Use minimal text. I recommend a maximum of three lines per slide. And if you can dim the points you’re not referring to, that’s a bonus (see the don’t and do examples below)
Slide 1 Don’t show all three points bold. Don’t show all three images in full. It crowds the slide.
Slide 1 – Modified. Modify the images and surround them with white space to make them pop. Only display the main point boldly, with a larger font size. Show other points lightly, to hint at what’s to come.
Slide 2 This slide clearly highlights the second point and image, however still making you aware of the 1st & 3rd points.
Slide 3 Displaying the last and third point.
Slide 4 At the end you have the option to display all the points and images as a recap.
Mix your font styles. What do I mean by font styles? Well, have you heard of the font “Serif”? The circled aspects are typical of the Serif font style. Then go with an opposite contrasting font. Maybe use the font called “Bold Sans Serif”. “Sans”, is the French word for without.
What about “Script” fonts? See the font, Savoye LET Plain: 1.0 below. In life things stand out when they contrast. So totally opposing fonts will have the effect of highlighting. each other. See the image above.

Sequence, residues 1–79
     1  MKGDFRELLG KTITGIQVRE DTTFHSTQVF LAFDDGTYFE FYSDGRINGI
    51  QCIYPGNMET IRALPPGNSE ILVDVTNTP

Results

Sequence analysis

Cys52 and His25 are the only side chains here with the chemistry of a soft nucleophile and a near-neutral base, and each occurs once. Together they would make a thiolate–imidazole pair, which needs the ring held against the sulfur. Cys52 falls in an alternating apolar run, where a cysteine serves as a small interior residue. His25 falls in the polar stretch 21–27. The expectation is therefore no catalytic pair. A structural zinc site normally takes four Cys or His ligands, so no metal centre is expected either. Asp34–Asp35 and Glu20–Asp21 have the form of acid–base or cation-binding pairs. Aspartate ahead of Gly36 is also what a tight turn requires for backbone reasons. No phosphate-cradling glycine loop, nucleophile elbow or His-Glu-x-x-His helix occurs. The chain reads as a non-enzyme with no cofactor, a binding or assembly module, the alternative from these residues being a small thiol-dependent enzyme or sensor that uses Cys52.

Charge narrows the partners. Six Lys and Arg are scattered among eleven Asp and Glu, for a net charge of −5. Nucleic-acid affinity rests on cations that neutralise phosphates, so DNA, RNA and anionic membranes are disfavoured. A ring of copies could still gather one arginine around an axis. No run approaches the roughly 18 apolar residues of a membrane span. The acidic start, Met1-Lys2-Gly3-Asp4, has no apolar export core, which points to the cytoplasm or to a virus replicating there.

Similarly, large and small size fonts also create contrast. In fact, you need to be bold about this and go the whole hog. Maybe, that’s why opposites attract?
I suggest you experiment with contrasting font styles to make your text pop. People pay attention when things contrast. And don’t forget to give your text and images space so that they stand out and get noticed.
Like your images, you also want your text to stand out and be readable. Good colour choices will make that happen. Good choices are black on white or white on black. When it comes to colours, select the opposite colours on the 12-point colour wheel on the left.
The example on the right just doesn’t work, yet I see it on webpages, blogs and PowerPoint slides everywhere.
Basically, you use charts for clarity. However, most charts are too crowded, unclear and have too much information. More information does not mean greater clarification.
For clarity you need to be clear on the point you are trying to illustrate. What doesn’t add detracts and less is more.
When you’re using PowerPoint to enhance your presentation, like a prop or a microphone, it’s something else to worry about, something else that can go wrong. It becomes more important where you stand to prevent blocking the view and to prevent you wearing the slide on your face. And even more importantly, you still need to connect.
Where to Stand.